"Skeptic" is not an insult
I've noticed some people seem to have an odd definition of "skeptic". "Oh, he won't believe that, he's a skeptic." Or "I showed him the news article, but he won't believe it: he's a skeptic." They seem to use "skepticism" and "skeptic" as an insult, and it seems to mean a person is close-minded.
I have several friends who are always trying to convince me of the dangers of "artificial" ingredients in foods. As I mentioned in other articles, I am leery of many such ingredients, simply because they are so new and may not have been quite time-tested enough, so I do generally limit or avoid them when convenient. So, I am a bit skeptical of the claims that they been proven harmless.
However, I also recognize that there is no good evidence of active harm: there have been no large, peer-reviewed, replicated, and well-designed studies which show aspartame (for example) causes health problems (outside of those with the medical condition phenylketonuria). There are many small and poorly-done studies which purport to show harms, but they fall apart on closer inspection (and many require massive conspiracies). So I am also skeptical of the claims of those saying artificial ingredients have been proven harmful.
But being skeptical doesn't mean I never get to decide; it means withholding that decision until there is good evidence one way or another. If forced to make a decision, I am capable of choosing something based on the limited information at hand, but I won't be under the delusion that I'm correct.
Being skeptical means "I require good evidence to believe any claim." It does not mean "I will not believe a claim despite all evidence." Generally, I try to withhold judgment until there's quite a bit of evidence. The opposite is to form a judgment, then look for supporting evidence. This latter is OK as long as you also look for evidence you are wrong, but that's a very hard thing for humans to do.
Generally, I've come to put more trust into information gathered by scientific processes, because I know that it is an open process and if one group of scientists report that acai berry juice cures cancer (hypothetical example), I know that another group of scientists can test that claim.
I'm not "close-minded" that acai berry juice could cure cancer, I'm waiting for evidence that it does so. And a blog, a article in Men's health, or a conspiracy website is not enough evidence for me. For health issues, I need large, peer-reviewed, replicated, and well-designed studies. Anything less is possibly interesting, but it's not good enough evidence by itself.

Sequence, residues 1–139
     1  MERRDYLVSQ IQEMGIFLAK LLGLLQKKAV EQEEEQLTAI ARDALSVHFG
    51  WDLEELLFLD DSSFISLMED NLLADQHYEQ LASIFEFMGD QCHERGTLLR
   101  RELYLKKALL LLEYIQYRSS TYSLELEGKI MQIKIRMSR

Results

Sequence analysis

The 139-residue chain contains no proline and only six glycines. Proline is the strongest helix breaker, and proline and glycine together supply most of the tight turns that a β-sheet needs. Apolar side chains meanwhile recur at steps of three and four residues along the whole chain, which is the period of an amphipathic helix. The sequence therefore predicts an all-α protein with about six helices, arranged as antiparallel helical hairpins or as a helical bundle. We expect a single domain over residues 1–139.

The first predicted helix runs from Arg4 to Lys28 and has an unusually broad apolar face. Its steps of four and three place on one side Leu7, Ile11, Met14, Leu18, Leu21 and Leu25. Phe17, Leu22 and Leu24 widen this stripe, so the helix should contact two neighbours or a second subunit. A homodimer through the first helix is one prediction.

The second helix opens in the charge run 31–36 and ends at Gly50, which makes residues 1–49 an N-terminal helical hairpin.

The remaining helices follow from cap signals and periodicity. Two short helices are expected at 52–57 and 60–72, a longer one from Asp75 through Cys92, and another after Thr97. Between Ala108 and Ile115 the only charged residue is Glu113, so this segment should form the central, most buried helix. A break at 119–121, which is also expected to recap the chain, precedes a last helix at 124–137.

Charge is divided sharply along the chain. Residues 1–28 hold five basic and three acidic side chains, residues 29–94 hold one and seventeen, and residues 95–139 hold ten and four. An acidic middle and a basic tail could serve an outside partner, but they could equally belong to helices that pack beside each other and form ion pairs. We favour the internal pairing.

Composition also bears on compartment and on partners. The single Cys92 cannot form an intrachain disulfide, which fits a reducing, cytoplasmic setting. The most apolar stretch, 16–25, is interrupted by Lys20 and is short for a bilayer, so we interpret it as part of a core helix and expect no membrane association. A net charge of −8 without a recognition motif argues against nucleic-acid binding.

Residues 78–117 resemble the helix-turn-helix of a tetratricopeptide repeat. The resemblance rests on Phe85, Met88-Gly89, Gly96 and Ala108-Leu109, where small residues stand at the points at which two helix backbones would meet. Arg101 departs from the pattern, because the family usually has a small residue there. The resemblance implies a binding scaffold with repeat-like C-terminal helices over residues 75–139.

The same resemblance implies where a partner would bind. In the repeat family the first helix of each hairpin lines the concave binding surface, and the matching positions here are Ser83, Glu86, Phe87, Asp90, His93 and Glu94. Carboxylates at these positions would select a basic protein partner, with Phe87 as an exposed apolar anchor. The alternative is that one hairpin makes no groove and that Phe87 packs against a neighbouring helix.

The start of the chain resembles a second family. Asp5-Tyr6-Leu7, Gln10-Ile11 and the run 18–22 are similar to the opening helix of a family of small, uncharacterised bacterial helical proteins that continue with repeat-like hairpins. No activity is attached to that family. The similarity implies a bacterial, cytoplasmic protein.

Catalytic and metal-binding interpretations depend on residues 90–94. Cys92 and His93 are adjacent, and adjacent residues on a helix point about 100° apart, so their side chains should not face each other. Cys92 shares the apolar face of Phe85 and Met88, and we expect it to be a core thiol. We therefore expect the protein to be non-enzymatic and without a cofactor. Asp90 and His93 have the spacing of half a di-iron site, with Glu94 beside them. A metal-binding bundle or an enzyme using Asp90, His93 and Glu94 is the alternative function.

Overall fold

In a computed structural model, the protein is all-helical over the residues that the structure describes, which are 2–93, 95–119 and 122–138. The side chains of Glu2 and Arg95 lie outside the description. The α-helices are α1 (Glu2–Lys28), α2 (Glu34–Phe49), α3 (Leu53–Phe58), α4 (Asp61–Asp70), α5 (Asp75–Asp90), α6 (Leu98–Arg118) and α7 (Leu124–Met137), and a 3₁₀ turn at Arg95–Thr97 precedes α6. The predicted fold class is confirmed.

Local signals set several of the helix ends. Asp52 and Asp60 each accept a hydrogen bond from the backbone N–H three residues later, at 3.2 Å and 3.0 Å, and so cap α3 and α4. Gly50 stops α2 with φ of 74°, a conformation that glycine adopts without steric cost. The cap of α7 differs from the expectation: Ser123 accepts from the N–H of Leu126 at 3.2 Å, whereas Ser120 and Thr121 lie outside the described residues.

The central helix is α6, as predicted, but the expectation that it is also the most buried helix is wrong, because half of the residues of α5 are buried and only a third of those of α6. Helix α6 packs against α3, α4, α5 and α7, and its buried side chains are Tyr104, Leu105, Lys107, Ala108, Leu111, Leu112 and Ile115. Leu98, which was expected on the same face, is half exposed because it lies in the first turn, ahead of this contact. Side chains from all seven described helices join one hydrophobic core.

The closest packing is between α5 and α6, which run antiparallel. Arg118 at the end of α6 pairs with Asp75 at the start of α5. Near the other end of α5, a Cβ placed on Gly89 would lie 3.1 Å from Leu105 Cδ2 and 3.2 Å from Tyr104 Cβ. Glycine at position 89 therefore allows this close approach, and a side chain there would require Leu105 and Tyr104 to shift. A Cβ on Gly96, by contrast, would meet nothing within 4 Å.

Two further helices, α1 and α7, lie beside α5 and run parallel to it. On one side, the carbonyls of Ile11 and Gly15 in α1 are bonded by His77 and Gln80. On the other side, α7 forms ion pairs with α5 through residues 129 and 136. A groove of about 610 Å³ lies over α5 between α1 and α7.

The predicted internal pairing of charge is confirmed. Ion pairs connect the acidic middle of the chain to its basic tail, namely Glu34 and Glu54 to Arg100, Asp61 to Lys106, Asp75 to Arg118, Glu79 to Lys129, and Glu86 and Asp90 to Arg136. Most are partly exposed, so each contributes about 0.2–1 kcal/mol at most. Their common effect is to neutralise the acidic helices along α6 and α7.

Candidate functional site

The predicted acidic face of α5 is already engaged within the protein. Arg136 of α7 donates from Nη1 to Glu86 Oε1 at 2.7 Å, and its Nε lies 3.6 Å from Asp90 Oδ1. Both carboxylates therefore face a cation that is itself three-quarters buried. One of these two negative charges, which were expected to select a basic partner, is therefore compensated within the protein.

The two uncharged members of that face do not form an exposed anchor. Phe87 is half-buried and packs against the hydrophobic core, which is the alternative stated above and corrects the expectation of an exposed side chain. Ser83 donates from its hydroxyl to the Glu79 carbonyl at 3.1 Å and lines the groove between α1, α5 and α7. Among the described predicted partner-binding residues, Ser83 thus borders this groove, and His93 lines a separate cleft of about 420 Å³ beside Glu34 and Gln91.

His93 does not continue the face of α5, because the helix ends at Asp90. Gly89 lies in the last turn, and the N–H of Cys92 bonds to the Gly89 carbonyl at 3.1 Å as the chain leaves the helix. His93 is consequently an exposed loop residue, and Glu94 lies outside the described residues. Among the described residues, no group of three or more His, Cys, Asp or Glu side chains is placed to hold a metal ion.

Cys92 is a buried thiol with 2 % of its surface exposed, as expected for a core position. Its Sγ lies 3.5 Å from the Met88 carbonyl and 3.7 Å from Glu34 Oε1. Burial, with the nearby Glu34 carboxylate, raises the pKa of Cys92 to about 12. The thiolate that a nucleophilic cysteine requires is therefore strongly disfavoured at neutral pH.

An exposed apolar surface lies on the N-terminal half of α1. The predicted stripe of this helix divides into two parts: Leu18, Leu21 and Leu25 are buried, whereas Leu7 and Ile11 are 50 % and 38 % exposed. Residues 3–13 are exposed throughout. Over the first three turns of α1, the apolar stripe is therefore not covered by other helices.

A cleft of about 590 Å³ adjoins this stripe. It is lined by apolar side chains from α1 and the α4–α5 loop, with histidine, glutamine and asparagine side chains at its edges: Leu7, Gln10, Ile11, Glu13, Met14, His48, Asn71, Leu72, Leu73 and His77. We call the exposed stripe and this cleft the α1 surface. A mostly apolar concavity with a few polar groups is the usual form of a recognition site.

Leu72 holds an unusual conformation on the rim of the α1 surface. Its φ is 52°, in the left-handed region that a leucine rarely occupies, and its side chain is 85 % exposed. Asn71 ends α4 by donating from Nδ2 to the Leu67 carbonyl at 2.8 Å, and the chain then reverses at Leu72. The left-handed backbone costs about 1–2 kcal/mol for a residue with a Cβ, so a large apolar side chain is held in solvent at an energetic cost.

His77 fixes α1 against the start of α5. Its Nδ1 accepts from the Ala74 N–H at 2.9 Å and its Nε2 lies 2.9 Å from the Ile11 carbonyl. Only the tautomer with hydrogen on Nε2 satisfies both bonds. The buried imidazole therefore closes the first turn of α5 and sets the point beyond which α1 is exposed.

I am "skeptical" of many things. (Technically, I am skeptical of everything, since nothing can be proven, but that gets a bit too philosophical rather quickly and I'd be required to doubt the existence of the world outside of me: I could be brain in a vat, in a long dream, etc. etc. etc.)
If you read my other articles, you know I am skeptical of the claims of alternative medicine and even "conventional" medicine. Skeptics are often accused of putting too much trust in scientists and doctors (and the FDA, of course), but that's not true either. It's not that I implicitly trust the experts: I just trust non-experts even less. Ben Goldacre has a pair of books which I recommend: Bad Science and Bad Pharma.
I am especially skeptical of those making active claims in areas where there is very little information. For example, I am always skeptical of anyone giving parenting or life advice and claiming it is anything more than opinion. I value opinions and mine them for what might be good ideas, but if you claim your opinion is fact, I'll probably not bother with you because there is so little real data on what "works best" in parenting or life in general.
This applies to political claims as well. Many people seem to conflate their political beliefs with cold, hard facts. I have my own strongly-held political beliefs, but I know there is currently no way to prove them correct or best. I think I'm right, but proven? No.
It should go without saying that I am skeptical of religious claims. Everyone has their own beliefs which they hold with different levels of certitude and rationales. From the outside, I see no way to see that any of them are more valid than any of the others. Each has its holy books. Each has its reports of "100% authentic" miracles. Each has its thousands or millions or billions of followers. Each, to me, has the same level of evidence: near zero. So, I choose none of them.
In conclusion, I don't equate being a skeptic with being close-minded: I'll let your opinions into my mind, but without evidence, they'll be judged accordingly.